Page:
SQL101: Avoiding Mistakes on a Production Database Server

As Kimberly blogged about earlier this year, SQLskills has an ongoing initiative to blog about basic topics, which we’re calling SQL101. We’re all blogging about things that we often see done incorrectly, technologies used the wrong way, or where there are many misunderstandings that lead to serious problems. If you want to find all of our SQLskills SQL101 blog posts, check out SQLskills.com/help/SQL101.

One reason that it is relatively difficult to get your first job as a DBA (compared to other positions, such as a developer) is that it is very easy for a DBA with Production access to cause an enormous amount of havoc with a single momentary mistake.

As a Developer, many of your most common mistakes are only seen by yourself. If you write some code with a syntax error that doesn’t compile, or you write some code that fails your unit tests, usually nobody sees those problems but you, and you have the opportunity to fix your mistakes before you check-in your code, with no one being any the wiser.

A DBA doing something like running an UPDATE or DELETE statement without a WHERE clause, running a query against a Production instance database when you thought you were running it against a Development instance database, or making a schema change in Production that is a size of data operation (that locks up a table for a long period) are just a few examples of common DBA mistakes that can have huge consequences for an organization.

A split-second, careless DBA mistake can cause a long outage that can be difficult or even impossible to recover from. In SQL Server, Cntl-Z (the undo action) does not work, so you need to be detail-oriented and careful as a good DBA. As the old saying goes: “measure twice and cut once”.

Here are a few basic tips that can help you avoid some of these common mistakes:

Using Color-Coded Connections in SSMS

SQL Server Management Studio (SSMS) has long had the ability to set a custom color as a connection property for individual connections to an instance of SQL Server. This option is available in legacy versions of SSMS and in the latest 17.4 version of SSMS. You can get even more robust connection coloring capability with third-party tools such as SSMS Tools Pack.

The idea here is to set specific colors, such as red, yellow, or green for specific types of database instances to help remind you when you are connected to a Production instance rather than a non-Production instance. It is fairly common to use red for a Production instance. This can be helpful if you don’t have red green color blindness, which affects about 7-10% of men, but is much less common among women.

Figure 1 shows how you can check the “Use custom color” checkbox, and then select the color you want to use for that connection. After that, as long as you use the exact same connection credentials for that instance from your copy of SSMS, you should get the color that you set when you open a connection to that instance.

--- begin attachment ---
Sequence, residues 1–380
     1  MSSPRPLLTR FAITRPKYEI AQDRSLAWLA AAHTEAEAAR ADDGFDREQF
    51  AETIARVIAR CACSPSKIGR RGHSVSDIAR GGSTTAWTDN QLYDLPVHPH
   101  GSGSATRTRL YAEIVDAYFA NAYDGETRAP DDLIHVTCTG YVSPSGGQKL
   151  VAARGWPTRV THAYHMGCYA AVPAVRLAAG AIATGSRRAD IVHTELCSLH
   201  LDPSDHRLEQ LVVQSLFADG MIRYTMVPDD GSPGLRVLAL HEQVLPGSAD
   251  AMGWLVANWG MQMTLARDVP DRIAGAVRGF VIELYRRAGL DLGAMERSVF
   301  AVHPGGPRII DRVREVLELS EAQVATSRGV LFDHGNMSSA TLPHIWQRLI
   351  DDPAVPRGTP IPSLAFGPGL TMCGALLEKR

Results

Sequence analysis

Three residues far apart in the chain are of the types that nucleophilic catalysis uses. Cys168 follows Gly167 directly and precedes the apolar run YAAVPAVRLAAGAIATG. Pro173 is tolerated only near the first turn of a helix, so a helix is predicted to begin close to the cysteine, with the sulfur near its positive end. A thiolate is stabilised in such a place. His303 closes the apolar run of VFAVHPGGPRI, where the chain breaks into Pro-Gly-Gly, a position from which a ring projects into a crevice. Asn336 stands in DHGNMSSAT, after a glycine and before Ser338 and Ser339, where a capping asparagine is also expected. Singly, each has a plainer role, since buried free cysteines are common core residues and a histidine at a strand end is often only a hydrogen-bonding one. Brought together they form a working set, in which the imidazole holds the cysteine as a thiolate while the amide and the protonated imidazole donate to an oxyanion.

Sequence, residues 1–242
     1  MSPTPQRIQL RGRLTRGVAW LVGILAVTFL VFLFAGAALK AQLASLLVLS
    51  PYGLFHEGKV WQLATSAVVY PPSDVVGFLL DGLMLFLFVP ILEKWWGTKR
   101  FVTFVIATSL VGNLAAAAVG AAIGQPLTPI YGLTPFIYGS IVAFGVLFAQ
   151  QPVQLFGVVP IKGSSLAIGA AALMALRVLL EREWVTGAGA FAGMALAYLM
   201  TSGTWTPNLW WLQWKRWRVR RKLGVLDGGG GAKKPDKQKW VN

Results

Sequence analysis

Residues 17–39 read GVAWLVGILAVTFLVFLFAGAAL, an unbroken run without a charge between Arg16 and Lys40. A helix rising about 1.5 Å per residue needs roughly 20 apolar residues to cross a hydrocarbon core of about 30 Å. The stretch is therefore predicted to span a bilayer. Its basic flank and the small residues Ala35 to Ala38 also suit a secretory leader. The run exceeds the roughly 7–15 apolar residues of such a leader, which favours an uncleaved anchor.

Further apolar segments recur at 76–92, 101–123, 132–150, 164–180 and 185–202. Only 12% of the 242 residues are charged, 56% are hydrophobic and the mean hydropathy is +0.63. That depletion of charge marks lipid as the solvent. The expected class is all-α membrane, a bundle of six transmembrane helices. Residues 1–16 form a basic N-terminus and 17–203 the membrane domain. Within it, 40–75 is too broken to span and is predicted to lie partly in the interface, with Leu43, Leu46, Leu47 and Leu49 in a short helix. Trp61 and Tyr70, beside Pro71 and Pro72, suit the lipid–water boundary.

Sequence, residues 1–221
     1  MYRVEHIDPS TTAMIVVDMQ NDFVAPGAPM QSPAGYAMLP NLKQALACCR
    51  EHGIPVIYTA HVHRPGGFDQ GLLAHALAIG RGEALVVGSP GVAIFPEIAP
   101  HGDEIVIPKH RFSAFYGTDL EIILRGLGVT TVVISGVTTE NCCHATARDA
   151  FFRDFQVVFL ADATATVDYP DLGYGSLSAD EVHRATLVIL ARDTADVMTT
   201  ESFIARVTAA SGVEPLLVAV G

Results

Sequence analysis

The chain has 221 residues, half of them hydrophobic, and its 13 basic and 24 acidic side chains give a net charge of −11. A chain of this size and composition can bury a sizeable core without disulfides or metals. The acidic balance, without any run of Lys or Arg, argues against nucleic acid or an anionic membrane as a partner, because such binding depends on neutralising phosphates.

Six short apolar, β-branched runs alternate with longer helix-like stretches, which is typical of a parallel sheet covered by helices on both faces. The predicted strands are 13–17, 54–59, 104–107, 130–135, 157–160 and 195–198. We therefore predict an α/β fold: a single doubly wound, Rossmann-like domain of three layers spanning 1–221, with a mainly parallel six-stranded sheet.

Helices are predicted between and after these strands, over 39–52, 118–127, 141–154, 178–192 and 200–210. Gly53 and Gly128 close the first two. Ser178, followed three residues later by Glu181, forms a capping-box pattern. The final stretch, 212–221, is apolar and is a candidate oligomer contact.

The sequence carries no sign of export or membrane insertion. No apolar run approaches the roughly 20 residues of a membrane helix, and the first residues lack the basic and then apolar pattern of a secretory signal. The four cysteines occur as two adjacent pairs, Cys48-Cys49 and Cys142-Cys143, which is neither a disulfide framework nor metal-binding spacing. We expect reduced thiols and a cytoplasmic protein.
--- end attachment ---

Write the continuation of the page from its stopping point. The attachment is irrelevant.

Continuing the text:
I would not bet my job on the color always being accurate, because depending on exactly how you open a connection to the instance, you may not always get the custom color that you set for the connection. Still, it is an extra piece of added insurance.


Figure 1: Setting a custom color for a connection

Figure 2 shows a red bar at the bottom of the query window (which is the default position for the bar) after setting a custom connection color. This would help warn me that I was connected to a Production instance, so I need to be especially careful before doing anything.


Figure 2: Query window using red for the connection

Double-Checking Your Connection Information Before Running a Query

Something you should always do before running any query is to take a second to glance down to the bottom right of SSMS Query window to verify your current connection information. It will show the name of the instance you are connected to, your logon information (including the SPID number), and the name of the database you are connected to.

Taking the time to always verify that you are connected to the database and instance that you think you are BEFORE running a query will save you from making many common, costly mistakes.

Wrap Queries in an Explicit Transaction

One common safety measure is to wrap your queries (especially potentially dangerous ones that update or delete data) in an explicit transaction as you see in Figure 3. You open an explicit transaction with a BEGIN TRAN statement, then run just your query, without the COMMIT TRAN statement. If the query does what you expect (which the xx rows affected message can often quickly confirm), then you commit the explicit transaction by executing the COMMIT TRAN statement.

If it turns out that you just made a horrible mistake (like I did in the example in Figure 3) by omitting the WHERE clause, you would execute the ROLLBACK TRAN statement to rollback your explicit transaction (which could take a while to complete).


Figure 3: Using an explicit transaction as a safety measure

Test your Update/Delete Queries as Select Queries Before You Run Them